Water quality can’t be taken for granted. Now, Southwest Floridians are paying attention and standing up, with a slate of recent environmental efforts and wins. Here’s a look at where we’ve been, where we are and where we’re going in the fight to protect the heart of the region.
The red tide disaster in July 2018 is an ecological catastrophe locals remember well. While the news revealed that 4 million pounds of marine life were killed because of red and blue-green algae outbreaks, we recall the white-bellied mangrove snappers washing up on our beaches, the manatees that drifted lifelessly in the Gulf and the smell of stagnant blooms caught in the corners of our canals. As devastating as the harmful algal blooms were from the Lake Okeechobee release, it became a rallying cry to push water quality to the top of Southwest Florida’s docket.
When Governor Ron DeSantis announced an unprecedented $960 million budget for initiatives like Everglades restoration and water quality improvements in November, the celebration was short-lived. In February, legislators introduced Florida Senate Bill 2508, which aimed to weaken the proposed budget and undo decades of clean water progress. The bill would place Lake Okeechobee water releases, which contain harmful algal blooms, on the political back burner and delay funding for the Everglades Agricultural Area Reservoir, the heart of the Everglades restoration plan. But Captains for Clean Water, a grassroots organization dedicated to defending the health of our waterways, jumped to action. During a weekend, they assembled representatives of Sanibel-Captiva Conservation Foundation and Everglades Foundation to dissect the legislation and uncover its potentially harmful effects. A couple of days later, they rallied a group of 50 advocates to speak out against the bill in Tallahassee, driving about six hours through the night to address the senate. The next week, Captains and a caravan of 200 clean water activists returned to the Capitol for a sit-in while voting commenced to pass the bill. Their efforts were fruitful: A handful of Captains members stood shoulder-to-shoulder with the governor as he announced his veto of the bill in June, securing Everglades restoration and water quality funding. The fight for clean water lives on.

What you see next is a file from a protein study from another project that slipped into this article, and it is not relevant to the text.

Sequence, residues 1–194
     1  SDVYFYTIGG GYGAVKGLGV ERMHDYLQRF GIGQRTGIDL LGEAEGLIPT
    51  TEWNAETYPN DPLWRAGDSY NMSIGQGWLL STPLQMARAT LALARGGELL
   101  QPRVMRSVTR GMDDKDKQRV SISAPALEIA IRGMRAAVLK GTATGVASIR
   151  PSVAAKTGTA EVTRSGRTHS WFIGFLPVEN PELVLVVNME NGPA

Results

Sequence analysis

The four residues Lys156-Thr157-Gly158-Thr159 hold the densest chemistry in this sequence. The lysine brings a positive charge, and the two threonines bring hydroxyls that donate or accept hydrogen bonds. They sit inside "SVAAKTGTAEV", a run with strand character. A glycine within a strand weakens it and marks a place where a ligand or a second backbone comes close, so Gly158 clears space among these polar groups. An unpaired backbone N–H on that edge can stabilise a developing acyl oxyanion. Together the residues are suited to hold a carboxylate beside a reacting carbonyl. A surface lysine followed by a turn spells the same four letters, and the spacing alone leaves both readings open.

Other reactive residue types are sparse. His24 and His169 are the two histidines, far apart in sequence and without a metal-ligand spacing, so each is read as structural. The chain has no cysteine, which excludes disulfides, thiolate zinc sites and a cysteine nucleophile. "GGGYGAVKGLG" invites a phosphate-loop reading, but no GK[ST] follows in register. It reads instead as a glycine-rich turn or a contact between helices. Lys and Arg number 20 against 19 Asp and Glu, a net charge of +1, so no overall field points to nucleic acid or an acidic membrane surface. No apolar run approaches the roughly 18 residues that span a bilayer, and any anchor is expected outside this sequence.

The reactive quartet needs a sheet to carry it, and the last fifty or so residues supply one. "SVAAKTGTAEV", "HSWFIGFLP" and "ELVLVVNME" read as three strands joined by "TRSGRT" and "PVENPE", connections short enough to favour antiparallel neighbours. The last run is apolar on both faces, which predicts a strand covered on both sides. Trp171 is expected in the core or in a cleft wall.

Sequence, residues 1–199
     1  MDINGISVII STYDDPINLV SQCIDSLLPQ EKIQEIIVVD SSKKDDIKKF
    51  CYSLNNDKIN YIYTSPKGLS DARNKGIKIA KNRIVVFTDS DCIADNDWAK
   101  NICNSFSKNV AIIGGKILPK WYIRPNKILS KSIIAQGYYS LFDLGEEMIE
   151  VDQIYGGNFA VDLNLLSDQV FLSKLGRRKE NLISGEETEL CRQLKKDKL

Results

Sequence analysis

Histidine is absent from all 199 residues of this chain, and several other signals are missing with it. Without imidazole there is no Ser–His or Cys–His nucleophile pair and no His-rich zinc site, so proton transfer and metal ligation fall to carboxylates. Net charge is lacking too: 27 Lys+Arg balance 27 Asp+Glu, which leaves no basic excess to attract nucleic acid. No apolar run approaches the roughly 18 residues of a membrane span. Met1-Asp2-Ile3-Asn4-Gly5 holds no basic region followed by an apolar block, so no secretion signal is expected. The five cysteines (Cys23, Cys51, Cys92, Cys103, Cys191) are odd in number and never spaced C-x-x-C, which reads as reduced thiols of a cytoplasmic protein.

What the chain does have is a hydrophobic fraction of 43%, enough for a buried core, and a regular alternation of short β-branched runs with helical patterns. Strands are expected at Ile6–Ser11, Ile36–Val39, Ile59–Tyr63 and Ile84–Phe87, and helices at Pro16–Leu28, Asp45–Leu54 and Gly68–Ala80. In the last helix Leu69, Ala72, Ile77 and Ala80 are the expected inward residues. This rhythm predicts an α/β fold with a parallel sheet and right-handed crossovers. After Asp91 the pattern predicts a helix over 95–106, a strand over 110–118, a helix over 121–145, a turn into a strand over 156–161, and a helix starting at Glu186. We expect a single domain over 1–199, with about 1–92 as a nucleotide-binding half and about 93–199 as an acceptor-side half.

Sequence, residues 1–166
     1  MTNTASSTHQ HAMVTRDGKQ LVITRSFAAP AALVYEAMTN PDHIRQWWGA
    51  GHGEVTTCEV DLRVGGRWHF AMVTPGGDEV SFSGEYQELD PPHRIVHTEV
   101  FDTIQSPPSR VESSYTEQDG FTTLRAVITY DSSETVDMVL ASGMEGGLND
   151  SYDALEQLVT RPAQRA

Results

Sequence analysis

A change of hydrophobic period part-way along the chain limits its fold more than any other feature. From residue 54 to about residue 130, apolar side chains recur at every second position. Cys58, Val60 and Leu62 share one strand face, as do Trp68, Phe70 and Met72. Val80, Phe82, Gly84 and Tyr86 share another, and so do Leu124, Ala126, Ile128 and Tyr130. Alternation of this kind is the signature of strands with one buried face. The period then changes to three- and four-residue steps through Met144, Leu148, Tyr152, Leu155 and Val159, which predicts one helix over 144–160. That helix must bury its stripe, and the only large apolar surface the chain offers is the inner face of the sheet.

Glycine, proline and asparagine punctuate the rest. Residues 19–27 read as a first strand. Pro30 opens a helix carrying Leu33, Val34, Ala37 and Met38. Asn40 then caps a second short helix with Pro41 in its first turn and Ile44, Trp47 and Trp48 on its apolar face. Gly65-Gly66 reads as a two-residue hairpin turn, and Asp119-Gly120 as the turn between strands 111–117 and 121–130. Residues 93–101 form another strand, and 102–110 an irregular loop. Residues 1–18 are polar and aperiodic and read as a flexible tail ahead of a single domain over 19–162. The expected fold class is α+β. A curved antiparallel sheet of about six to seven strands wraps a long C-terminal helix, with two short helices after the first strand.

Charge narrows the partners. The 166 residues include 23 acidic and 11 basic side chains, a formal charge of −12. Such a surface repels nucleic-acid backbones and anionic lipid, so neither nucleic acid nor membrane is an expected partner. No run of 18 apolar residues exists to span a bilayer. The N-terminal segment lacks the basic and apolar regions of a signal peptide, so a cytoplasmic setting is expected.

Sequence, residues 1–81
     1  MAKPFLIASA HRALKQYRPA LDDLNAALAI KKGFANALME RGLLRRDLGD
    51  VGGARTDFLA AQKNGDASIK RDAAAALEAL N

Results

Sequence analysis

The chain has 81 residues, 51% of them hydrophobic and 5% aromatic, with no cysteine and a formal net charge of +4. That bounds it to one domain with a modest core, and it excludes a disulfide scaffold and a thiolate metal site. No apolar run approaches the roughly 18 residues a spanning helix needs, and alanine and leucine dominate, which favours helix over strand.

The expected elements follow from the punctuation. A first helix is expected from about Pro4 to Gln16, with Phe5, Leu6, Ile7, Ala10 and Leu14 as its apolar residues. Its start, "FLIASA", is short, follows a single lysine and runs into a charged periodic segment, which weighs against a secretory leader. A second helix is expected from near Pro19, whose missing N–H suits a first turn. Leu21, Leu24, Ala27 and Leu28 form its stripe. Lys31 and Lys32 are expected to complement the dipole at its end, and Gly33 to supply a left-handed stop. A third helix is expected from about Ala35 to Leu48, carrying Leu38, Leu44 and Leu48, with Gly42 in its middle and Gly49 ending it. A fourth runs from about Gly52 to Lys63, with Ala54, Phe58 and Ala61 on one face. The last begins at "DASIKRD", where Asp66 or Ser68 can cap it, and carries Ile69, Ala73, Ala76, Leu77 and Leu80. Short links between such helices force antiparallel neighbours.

Taking matters a step further, The Water School at Florida Gulf Coast University merged the environmental schools into one college that focuses on regional issues like water quality. “[After Hurricane Irma] we had the beginning of the fifth longest red tide in Florida history,” says Greg Tolley, director of The Water School. “In the middle of that red tide, we had a huge blue-green algal bloom from Lake Okeechobee and the Caloosahatchee River … so we launched The Water School in March of 2019, showing the state of Florida that the university was really going to be investing in water.” In August, the new department got a home—a $58 million building dedicated to its students, the public and the future of water quality. “Universities do more than educate students,” he says, adding that a primary goal for the school is to attract top-notch water scientists to the region. “We also facilitate change and improvement in our local communities.”
Local water warriors drove up to Tallahassee in the middle of the night to rally against Senate Bill 2508. Here, three of them sound off on the importance of water quality and why activism matters.